Letting Agents in Otley - About Otley
Easy Location Lets are the premier letting agents in Otley, West Yorkshire.
As Letting Agents in Otley, we are proud of this busy market town in the City of Leeds metropolitan borough, by the River Wharfe. Historically Otley is part of the West Riding of Yorkshire, the town has a total resident population of 14,348 according to a census of 2001.
Otley lies in Wharfedale, and is divided in two by the River Wharfe. It is surrounded mostly by arable farmland.
Letting Agents in Otley have the enviable task of finding and letting properties all over this beautiful area. The south side of the valley is dominated by a large gritstone escarpment overlooking Otley called The Chevin. In 1944, Major Le G.G.W. Horton Fawkes of Farnley Hall donated 263 acres (1.1 km²) of land on the Chevin to the people of Otley. This has now been expanded to 700 acres (2.8 km²) and is known as Chevin Forest Park. It was from the quarry on The Chevin that the foundation stones for the Houses of Parliament were hewn. This is a fantastic recreational area which is made great use of by the people of Otley and beyond.
To the east and west of Otley there are flooded gravel pits, where sand and gravel have been extracted in the 20th century. The gravel pits to the east are known as Knotford Nook, and are a noted birdwatching site. Those to the west are devoted to angling and sailing.
To the West are the nearby villages of Burley-in-Wharfedale and Menston. To the East is the smaller village of Pool-in-Wharfedale.
The town hosts Wharfedale General Hospital which serves the surrounding area, and also Prince Henry's Grammar School, which holds Language college status.
Going back in history, the town dates from before Roman times, and belonged to the Archbishopric of York. Otley is close to Leeds and thus may have formed part of the kingdom of Elmet. The southern flank of the Wharfe valley which lies above Otley is known as The Chevin a term that has close parallels to the welsh term "Cefn", meaning ridge and may be a survival of the ancient cumbric language. Remains of the old Archbishop's Manor House were found during the construction of St Joseph's RC Primary School near the River Wharfe. The town formed an important crossing point of the River Wharfe and was an administrative centre in the wapentake of Skyrack in the early medieval period, and this importance continued with its being the seat of the Mid-Wharfedale Urban District council up until the local council reorganisation of 1974.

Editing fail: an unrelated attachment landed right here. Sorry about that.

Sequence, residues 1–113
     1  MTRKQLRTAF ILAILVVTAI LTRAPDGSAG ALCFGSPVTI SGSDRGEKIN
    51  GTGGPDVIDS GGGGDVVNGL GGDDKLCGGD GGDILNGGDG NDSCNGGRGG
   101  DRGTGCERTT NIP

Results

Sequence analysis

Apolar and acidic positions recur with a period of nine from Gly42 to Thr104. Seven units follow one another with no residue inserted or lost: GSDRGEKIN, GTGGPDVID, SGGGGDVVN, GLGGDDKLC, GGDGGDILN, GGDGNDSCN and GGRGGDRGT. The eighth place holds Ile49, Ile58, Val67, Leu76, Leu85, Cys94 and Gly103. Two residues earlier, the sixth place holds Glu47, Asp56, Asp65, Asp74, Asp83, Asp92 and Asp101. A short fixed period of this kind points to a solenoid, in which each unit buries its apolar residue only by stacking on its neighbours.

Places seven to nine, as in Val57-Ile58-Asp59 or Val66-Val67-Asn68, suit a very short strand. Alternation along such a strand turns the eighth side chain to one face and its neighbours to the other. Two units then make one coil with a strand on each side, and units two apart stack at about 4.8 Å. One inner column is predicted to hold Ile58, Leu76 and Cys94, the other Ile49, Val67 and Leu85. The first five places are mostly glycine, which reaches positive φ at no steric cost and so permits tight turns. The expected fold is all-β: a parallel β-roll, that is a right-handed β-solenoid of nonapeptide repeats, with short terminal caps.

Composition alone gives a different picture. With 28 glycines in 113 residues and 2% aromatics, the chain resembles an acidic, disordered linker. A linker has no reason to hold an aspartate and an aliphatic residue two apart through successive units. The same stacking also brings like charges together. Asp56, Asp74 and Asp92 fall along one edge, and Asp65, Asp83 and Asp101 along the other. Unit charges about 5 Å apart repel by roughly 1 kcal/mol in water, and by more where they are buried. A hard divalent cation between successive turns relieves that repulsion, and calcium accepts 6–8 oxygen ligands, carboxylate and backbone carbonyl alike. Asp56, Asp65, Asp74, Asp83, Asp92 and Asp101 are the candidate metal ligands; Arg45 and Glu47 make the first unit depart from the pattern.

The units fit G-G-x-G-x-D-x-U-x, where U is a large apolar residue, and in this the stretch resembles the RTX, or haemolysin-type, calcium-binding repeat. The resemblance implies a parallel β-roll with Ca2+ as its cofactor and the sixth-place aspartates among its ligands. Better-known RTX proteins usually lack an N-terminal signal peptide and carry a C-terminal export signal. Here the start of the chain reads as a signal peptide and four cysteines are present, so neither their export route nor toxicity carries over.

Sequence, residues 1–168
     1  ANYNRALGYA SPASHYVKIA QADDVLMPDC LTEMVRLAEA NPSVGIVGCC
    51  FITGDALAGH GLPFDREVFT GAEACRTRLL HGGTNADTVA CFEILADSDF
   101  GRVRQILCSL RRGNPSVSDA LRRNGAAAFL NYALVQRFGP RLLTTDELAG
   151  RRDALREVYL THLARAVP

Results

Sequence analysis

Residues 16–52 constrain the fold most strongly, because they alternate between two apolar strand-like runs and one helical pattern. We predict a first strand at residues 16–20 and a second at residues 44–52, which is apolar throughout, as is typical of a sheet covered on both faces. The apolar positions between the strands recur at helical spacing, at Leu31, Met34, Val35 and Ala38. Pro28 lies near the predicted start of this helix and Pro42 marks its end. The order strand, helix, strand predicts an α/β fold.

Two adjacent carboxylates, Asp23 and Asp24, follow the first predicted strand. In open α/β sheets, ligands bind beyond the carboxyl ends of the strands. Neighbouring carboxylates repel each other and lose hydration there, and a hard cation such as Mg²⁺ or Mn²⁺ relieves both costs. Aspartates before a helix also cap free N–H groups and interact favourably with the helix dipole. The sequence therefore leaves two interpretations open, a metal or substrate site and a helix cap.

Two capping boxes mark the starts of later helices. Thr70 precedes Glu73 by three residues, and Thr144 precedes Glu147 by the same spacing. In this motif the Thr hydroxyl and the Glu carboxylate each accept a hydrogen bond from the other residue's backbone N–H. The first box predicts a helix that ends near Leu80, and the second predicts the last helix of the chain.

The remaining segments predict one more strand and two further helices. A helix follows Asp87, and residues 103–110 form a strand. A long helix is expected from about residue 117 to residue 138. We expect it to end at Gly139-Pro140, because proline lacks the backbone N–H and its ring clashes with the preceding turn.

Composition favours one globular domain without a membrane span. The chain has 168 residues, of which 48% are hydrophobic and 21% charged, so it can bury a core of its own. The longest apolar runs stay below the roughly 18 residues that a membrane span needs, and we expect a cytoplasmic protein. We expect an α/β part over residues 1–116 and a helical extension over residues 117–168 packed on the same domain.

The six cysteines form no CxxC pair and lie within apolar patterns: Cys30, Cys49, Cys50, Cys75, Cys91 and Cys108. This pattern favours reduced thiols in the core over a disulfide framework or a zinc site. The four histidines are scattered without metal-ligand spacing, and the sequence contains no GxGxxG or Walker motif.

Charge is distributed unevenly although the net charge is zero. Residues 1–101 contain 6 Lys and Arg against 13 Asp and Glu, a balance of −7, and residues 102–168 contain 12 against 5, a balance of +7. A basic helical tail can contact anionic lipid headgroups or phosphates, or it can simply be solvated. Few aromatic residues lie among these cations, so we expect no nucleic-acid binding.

The first church was built there in the early 7th century. In All Saints Parish Church there are the remains of two Early Anglo-Saxon crosses, one of which has been reproduced for the town's war memorial. Buried there is an ancestor of the 19th century American poet Henry Wadsworth Longfellow, and the grandparents of Thomas Fairfax who commanded Parliament's forces at the Battle of Marston Moor in 1644. In the graveyard of the parish church stands a replica of an entrance to the Bramhope Railway Tunnel, a monument to those killed during its construction.
Otley is a market town and has held a regular market for more than a thousand years, granted by agents of the king. Market days are Tuesday, Friday and Saturday, and there is also a Farmers' Market on the last Sunday of every month. Documented history for the market begins in 1222 when agents of King Henry III granted the first Royal Charter. Cattle markets are still held in Otley. The Bridge End Auction Mart closed a number of years ago and has now been demolished, letting the Otley Wharfedale Farmer's Auction Mart on East Chevin Road take over.
Thomas Chippendale, the famous furniture maker, was born at Farnley near Otley, and his statue stands in the town next to the old Prince Henry's Grammar School in Manor Square that he once attended. The current site of Prince Henry's Grammar School is in Farnley Lane.
J.M.W. Turner, the famed painter, visited Otley in 1797, aged 22, when commissioned to paint watercolours of the area. He was so attracted to Otley and the surrounding area that he returned time and time again. His friendship with Walter Ramsden Fawkes made him a regular visitor to Farnley Hall, two miles from Otley. The stormy backdrop of Hannibal Crossing The Alps is reputed to have been inspired by a storm over Otley's Chevin while Turner was staying at Farnley Hall.
The Wharfedale Printing Machine was developed in Otley by William Dawson and William Payne. An early example can be seen in Otley Museum.
Famous Methodist preacher John Wesley was a frequent visitor to the town in the 18th century. Allegedly his horse died in the town and is buried in the grounds of the parish church. Its grave is marked by an unusual toblerone-shaped stone, also known locally as the "Donkey Stone". In his Journal for 1761 we read, "July 6 Monday; In the evening I preached at Otley and afterwards talked with many of the Society. There is reason to believe that ten or twelve of these are filled with the love of God." One of the main streets in Otley (Wesley Street) is still named after him.